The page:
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Mike BuetowConsolidation is the enemy of innovation. Don’t believe me? Look at how, ahem, fast AT&T rolled out changes during its early heydays.

Ma Bell – the colloquial name for the telecom monopoly – took three years of testing (!) before it rolled out touchtone phones (aided by the invention of low-cost transistors, which Bell also patented). That was 1963. And the rotary dial was still the norm when I grew up in the 1970s. It wasn’t until the early ’80s that we made the shift, and even then AT&T was still offering rotary for wall-mounted units.

In 1982, the US government forced the breakup of Ma Bell. Cordless phones were starting to take hold about that time. The breakup unleashed a slew of digital features that to date had been wasting away in research labs. Call waiting was a revelation. Conceived by Western Electric in the 1970s, it was offered an option and hardly commonplace until the mid to late ’90s. Voicemail was invented in 1979.
It was picked up first by businesses and made its way to consumer accounts only as cellphones began their relentless penetration.

Nothing against AT&T; its inventors were top-notch. But when there’s no competition, there’s no rush to get new ideas to market.

We are seeing this in spades as EDA tool vendors reverse years of rollups with suites of tools aimed at specific user groups. Not long ago, Mentor (now part of Siemens), had Pads, Board Station and Expedition. It consolidated to Pads and Expedition (now Xpedition), then broke out Pads into three units aimed at various users. It also offers a lite version of Pads through a partnership with DigiKey. Cadence had OrCAD and Allegro, but now offers three versions of the former. Zuken has five flows: three versions of CR and two of Cadstar. Altium had one, the eponymously named Altium Designer. With the preview in late May of Atina, it now features three-plus, including CircuitStudio for entry level pros and CircuitMaker for hobbyists.

Underlying this breakout is the maker/hobbyist segment, which numbers in the hundreds of thousands of users. Altium’s Circuit Maker user forum, for instance, has 131,000 registered users. Compare that to the number of EDA professionals: 36,412 professionals, according to the most recent ESD Alliance figures. When a single software maker has three times the audience for an open source tool than that employed by virtually the entire industry – including semiconductor software design vendors – well, that’s a staggering disparity.

Some of the reluctance over developing maker (read: cheap) tools is that market won’t “upscale”; the segment users will always be low-end and low budget weekend warriors, not professional designers. But the volume could be the difference. Using the tools to procure parts, for instance, could generate a steady revenue stream, even if the base software is free.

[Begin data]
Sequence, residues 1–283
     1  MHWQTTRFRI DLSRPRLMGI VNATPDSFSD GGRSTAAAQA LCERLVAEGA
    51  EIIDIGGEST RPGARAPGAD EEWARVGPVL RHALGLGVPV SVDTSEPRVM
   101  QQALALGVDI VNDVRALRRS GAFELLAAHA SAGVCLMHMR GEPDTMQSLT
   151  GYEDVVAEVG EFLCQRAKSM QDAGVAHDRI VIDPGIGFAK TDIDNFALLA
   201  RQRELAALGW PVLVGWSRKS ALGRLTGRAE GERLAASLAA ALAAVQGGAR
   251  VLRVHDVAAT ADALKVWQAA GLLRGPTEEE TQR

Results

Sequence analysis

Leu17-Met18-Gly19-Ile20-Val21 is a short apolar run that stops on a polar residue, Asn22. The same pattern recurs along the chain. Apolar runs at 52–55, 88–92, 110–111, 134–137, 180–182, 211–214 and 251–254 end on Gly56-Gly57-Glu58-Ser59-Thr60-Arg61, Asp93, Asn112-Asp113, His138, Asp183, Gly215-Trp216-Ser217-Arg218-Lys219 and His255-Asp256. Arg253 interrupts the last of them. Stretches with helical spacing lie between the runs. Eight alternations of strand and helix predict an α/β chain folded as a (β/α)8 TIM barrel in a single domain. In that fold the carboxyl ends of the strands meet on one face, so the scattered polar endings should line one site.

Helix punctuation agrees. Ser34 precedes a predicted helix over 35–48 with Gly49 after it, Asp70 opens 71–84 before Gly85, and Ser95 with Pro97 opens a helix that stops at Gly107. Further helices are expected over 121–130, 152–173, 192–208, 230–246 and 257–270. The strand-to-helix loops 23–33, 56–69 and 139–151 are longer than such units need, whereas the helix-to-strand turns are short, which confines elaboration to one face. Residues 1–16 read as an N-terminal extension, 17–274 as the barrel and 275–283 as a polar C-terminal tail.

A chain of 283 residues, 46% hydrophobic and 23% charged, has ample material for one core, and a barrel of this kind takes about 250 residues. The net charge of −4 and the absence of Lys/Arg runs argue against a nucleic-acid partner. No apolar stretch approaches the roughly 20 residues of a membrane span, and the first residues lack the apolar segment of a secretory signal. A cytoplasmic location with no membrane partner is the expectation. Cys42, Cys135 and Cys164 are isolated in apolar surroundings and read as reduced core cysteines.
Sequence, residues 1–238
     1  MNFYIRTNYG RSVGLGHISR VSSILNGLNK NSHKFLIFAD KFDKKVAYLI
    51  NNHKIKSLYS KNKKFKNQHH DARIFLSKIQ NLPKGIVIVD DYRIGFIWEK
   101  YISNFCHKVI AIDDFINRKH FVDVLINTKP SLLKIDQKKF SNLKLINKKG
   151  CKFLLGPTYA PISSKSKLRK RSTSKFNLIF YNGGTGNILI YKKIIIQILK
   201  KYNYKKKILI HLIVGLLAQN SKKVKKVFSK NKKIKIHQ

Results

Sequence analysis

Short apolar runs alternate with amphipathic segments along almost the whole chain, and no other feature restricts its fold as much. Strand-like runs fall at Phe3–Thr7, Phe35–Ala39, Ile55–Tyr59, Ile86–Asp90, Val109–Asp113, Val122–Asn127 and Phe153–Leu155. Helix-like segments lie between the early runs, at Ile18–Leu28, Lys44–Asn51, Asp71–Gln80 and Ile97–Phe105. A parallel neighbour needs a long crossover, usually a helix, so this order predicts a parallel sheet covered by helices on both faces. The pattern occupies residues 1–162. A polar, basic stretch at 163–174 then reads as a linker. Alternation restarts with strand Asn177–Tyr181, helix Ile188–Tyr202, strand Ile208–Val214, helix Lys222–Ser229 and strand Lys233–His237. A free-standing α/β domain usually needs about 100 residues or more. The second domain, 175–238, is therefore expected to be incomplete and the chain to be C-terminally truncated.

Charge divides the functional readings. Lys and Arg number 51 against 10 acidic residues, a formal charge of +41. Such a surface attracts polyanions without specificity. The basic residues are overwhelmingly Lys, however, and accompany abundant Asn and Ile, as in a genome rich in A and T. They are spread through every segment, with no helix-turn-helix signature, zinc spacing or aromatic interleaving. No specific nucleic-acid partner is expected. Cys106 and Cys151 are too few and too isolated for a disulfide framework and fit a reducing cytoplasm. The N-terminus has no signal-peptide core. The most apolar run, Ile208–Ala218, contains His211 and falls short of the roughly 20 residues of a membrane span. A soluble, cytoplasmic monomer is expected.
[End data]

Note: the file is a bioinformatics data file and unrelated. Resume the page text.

There are subtle differences in how the majors are attacking that market, however. About 18 months ago I wrote on how EMA Design Automation and Zuken were pushing back on the slew of freeware piling up. At the time, both firms were offering free schematic capture and other tools for a limited time. Of the deal, Manny Marcano, president of EMA, said that while the firm no longer offers it, the returns wildly exceeded expectations and offered ample upsell opportunities. Likewise, Mentor has indicated it hopes to nudge users attracted by the low price of Pads Standard into higher-end – and higher-priced – fare.

As part of a worldwide rollout of its strategy last month, Altium asserted a contrary approach. CircuitMaker, its freeware, is not an upsell product, company executives asserted. Moreover, throughout its PCB design flows, capability isn’t permitted to come at the expense of ease of use.

It’s hard not to like that approach. On the eve of PCB West in 2013, I wrote “time-to-market constraints and IP concerns will drive OEMs to embedded platforms, and design reuse will be the norm. It’s time, then, that CAD companies start writing programs that are built on new platforms and code, rather than adding to the gazillions of lines of code in the existing ones. Make them more price-sensitive, app friendly, and above all, ‘keep it simple, stupid.’ The goal should be to enable as many possible users, whether they are power users or DIYers.”

With all the flavors of PCB tools now available, vendors clearly are building on that idea (although not at my insistence, no doubt). Of all the major CAD vendors, Altium seems most culturally married to it.

P.S. If you haven’t already, be sure to register for PCB West, the industry’s largest trade show for PCB design and manufacturing in the Silicon Valley, at pcbwest.com.

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